The verdict's in for the four Swedes behind the BitTorrent site The Pirate Bay. Guilty.
In Sweden today, the court ruled the website's three founders and their backer were responsible for "assisting making available copyrighted content" and the scallywags were ordered to pay about $3.6 million to several entertainment companies as well as serve a year in prison.
According to the Guardian:
[Prosecutors] were forced to drop the charge of "assisting copyright infringement" and focus on the lesser charge of "assisting making available copyrighted content". They had been seeking [$13.5 million] in compensation for loss of earnings due to the millions of illegal downloads facilitated by the site.
The case was (is?) a high-profile one, with both sides stressing the verdict's importance:
The chairman of the Swedish Independent Music Producers Association, Jonas Sjöström, said as the trial concluded that the consortium is "tired and sick of services like The Pirate Bay who have no understanding or respect for the creative community, and instead have their own financial interests at heart."
So it's all over, right? The only thing left is to close those laptops, disconnect the Internet and walk to the nearest record store for any musical needs. Haha...sure.
The Pirates have refused to go gentle into that good night. They are rage-raging, having promised to keep site open as they make appeals both in and out of court:
So, the dice courts judgement is here. It was lol to read and hear, crazy verdict.
But as in all good movies, the heroes lose in the beginning but have an epic victory in the end anyhow. That's the only thing hollywood ever taught us.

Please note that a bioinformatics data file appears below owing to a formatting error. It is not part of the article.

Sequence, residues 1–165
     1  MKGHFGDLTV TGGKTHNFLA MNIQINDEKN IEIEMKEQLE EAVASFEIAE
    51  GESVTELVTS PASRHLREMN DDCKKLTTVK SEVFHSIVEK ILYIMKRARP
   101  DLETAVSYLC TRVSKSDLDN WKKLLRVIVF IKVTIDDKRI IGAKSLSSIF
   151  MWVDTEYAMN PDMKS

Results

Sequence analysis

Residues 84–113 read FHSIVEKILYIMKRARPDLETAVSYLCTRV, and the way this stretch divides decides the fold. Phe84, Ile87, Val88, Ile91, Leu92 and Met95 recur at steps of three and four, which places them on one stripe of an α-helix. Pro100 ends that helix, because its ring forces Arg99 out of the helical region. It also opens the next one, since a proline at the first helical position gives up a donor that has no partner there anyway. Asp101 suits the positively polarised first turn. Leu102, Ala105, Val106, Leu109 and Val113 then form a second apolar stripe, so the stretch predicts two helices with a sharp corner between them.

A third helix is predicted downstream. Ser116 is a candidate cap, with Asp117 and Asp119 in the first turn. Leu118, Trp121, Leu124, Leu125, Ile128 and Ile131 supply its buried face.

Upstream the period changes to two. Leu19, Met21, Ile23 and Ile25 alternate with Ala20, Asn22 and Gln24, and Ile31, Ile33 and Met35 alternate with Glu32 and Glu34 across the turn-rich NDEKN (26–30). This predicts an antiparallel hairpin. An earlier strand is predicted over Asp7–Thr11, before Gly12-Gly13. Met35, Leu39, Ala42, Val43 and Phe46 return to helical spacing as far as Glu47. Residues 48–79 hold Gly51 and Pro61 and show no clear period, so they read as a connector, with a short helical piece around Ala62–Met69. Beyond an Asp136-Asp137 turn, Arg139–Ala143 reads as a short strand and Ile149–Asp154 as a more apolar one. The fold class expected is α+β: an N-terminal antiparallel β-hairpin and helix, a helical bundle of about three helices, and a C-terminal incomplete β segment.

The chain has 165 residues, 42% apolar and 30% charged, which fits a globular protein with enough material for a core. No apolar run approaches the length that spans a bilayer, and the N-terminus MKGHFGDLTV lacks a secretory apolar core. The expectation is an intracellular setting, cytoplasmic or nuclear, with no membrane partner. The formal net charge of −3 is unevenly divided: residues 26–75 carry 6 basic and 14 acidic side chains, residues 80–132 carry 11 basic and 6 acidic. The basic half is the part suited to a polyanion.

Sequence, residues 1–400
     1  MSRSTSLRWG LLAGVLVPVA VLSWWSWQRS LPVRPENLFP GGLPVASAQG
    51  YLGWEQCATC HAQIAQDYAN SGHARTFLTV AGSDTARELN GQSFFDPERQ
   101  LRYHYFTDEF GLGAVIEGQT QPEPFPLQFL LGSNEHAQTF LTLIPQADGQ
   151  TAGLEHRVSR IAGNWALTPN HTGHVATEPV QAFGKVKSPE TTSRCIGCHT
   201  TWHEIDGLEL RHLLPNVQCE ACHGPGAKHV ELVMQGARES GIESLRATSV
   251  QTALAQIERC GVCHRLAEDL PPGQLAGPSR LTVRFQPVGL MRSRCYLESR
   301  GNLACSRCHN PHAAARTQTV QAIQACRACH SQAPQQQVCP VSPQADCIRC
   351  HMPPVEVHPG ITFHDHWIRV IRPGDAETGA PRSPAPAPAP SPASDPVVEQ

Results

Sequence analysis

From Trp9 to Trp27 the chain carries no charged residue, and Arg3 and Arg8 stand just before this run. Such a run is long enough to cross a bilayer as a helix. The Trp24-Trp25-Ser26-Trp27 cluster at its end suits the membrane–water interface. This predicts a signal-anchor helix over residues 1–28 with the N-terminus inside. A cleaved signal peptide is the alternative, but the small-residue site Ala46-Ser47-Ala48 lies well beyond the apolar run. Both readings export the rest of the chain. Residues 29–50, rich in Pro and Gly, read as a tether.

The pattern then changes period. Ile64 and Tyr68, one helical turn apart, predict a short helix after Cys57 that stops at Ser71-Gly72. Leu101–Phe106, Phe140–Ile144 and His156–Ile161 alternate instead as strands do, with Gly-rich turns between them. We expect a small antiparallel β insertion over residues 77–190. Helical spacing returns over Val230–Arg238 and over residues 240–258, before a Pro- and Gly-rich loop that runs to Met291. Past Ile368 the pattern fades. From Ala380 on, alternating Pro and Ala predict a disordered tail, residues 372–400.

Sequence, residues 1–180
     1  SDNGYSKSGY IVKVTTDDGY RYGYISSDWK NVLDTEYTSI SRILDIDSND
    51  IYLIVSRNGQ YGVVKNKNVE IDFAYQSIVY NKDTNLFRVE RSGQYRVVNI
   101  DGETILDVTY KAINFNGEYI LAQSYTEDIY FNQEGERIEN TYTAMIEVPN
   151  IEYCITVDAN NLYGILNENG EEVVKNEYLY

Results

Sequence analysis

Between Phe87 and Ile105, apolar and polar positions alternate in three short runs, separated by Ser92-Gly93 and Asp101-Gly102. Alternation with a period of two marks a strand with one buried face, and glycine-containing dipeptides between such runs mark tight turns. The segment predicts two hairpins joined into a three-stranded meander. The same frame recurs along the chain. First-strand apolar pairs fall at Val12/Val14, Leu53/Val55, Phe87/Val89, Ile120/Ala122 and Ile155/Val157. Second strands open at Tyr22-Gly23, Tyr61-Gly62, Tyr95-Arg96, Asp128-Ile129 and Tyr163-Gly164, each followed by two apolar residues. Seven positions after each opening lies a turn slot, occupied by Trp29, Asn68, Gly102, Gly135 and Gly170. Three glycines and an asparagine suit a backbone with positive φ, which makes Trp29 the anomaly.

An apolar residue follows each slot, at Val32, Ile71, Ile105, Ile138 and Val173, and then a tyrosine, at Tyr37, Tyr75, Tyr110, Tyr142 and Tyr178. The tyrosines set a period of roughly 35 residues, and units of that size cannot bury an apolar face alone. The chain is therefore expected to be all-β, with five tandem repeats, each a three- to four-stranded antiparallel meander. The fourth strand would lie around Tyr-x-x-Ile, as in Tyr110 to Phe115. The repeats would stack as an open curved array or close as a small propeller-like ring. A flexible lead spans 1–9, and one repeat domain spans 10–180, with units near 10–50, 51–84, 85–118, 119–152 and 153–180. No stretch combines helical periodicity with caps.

Yesterday, Wired said the verdict would be a win-win for The Pirate Bay. A verdict in their favor would have made file sharing essentially legal. The loss, however, turns them into stubborn martyrs, a role they are really playing up.
The verdict is also a lose-lose for entertainment companies. If they managed to somehow close down The Pirate Bay, Internet users would (and are) finding new ways, like streaming or other BitTorrent services, to avoid getting caught for copyright infringement. And, as Wired notes, any press is good press, at least for The Pirate Bay:
For now, the attention brought by the highly-publicized trial has only made The Pirate Bay more popular. The site has swelled to some 22 million users. And thousands of Pirate Bay fans have flocked to sign up for its new $6 anonymization VPN service, which allows torrent feeders and seeders to conduct their business in private without leaving a trace of their Internet IP addresses.
And since the trial began, membership in Sweden's copyright reform Pirate Party has grown 50 percent, while its youth affiliate is now the second largest in Sweden.
If the staunch, antiquated fighting of record companies and the rebellious antics of The Pirate Bay continue for some time, it may not be necessary to download any files. It may be that the virtual high seas battles are entertainment enough.
Friend-o-Reason Cory Doctorow, over at Boing Boing, has got the 4-1-1 on the pirate trial. Stephen J. Dubner at the Freakonomics blog wonders if it's time to stop using the term "Digital Piracy." Reason coverage of The Pirate Bay near, dear and here. In 2003, Reason.tv Editor Nick Gillespie said stopping downloads won't help entertainment companies.